Complaints about airlines refusing to pay refunds for canceled flights during the pandemic soared more than 5,500% over the previous year. Some customers are still trying to fight airlines for refunds, while others, who got credit or vouchers for future travel instead, are finding that those credits may soon expire.

And that's outraging some consumers who as taxpayers came to the rescue of the industry when airlines lost billions during the pandemic.

When the CDC announced on Thursday that fully vaccinated people can safely take off their masks in most settings, one group that did not necessarily breathe a sigh of relief was the parents of young children.

Some noted that the CDC's new guidance does not have any specific advice for vaccinated parents with unvaccinated kids in their households.

Updated May 15, 2021 at 6:44 PM ET

If you're fully vaccinated against COVID-19 (as in, you've gotten all your shots and waited two weeks), the U.S. Centers for Disease Control and Prevention announced Thursday, you can mostly go ahead and stop wearing your mask and stop social distancing — inside and out.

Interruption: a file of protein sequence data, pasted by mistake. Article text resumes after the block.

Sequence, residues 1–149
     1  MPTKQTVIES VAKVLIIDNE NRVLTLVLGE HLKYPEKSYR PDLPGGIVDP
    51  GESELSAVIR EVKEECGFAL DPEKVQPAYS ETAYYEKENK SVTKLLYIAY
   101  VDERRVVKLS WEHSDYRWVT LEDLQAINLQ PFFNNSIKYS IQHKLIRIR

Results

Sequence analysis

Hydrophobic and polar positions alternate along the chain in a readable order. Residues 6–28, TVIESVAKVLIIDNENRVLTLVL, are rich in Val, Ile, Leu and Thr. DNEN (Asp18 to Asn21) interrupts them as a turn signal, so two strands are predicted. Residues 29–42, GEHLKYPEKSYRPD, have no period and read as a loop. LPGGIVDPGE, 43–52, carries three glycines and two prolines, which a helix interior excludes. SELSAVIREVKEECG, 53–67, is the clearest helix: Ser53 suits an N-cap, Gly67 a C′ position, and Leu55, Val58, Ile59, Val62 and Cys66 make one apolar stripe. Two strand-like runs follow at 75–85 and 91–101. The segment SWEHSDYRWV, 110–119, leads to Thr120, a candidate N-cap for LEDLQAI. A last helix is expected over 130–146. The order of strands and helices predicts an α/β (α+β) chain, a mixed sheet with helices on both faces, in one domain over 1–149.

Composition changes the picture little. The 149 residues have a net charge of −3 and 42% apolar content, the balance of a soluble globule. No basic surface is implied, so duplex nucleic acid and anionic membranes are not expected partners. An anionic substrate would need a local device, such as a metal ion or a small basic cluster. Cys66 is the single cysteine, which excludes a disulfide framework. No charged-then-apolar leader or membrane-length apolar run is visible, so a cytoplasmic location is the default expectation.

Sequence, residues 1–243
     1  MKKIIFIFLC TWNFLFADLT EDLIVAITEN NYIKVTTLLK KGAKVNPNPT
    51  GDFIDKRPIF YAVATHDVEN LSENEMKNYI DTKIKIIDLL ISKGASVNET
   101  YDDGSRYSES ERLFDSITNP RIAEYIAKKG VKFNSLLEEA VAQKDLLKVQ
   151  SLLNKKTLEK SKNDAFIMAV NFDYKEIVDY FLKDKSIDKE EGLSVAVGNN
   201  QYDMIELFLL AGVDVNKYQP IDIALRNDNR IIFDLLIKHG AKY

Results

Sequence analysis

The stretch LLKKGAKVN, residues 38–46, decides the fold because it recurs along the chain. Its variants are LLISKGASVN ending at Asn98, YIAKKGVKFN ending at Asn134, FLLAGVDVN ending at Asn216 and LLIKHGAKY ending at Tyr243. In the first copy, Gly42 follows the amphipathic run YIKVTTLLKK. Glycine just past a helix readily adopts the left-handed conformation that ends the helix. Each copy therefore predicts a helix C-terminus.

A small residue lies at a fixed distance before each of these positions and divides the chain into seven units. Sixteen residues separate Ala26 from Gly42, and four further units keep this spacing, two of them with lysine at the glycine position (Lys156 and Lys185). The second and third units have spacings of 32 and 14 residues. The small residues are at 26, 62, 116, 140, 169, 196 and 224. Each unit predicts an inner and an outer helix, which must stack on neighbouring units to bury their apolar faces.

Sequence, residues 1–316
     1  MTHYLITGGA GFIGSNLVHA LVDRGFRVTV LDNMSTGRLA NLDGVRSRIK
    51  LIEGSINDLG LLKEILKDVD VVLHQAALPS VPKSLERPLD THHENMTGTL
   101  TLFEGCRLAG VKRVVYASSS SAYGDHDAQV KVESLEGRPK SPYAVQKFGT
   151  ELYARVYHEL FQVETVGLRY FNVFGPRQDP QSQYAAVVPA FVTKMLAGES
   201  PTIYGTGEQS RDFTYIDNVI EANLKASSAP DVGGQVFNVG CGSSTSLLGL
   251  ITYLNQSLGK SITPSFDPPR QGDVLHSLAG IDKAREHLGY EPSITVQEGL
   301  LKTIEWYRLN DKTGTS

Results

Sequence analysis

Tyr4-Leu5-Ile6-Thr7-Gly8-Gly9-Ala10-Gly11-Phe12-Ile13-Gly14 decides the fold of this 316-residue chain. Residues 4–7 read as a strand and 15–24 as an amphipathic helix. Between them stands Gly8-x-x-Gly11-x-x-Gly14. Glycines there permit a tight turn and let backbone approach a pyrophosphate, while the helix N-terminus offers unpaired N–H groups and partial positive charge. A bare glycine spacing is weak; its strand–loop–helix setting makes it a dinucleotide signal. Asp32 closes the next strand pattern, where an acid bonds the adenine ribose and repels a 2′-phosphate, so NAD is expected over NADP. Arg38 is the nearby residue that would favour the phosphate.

Many state and city officials welcomed news from the Centers for Disease Control and Prevention on Thursday that fully vaccinated people in the U.S. can forgo masks and social distancing.

But some still stopped short of immediately implementing the changes.

The CDC said vaccinated people must follow existing state, local or tribal laws and regulations on masks and social distancing, as well as policies at businesses and workplaces.

Chris Hodges, the principal of Gaylord High School in Otsego County, Michigan, never thought he'd be a contact tracer.

"I definitely thought, you know, 'Why — why am I doing this?'" he says with a laugh. "That's not what I went to school for."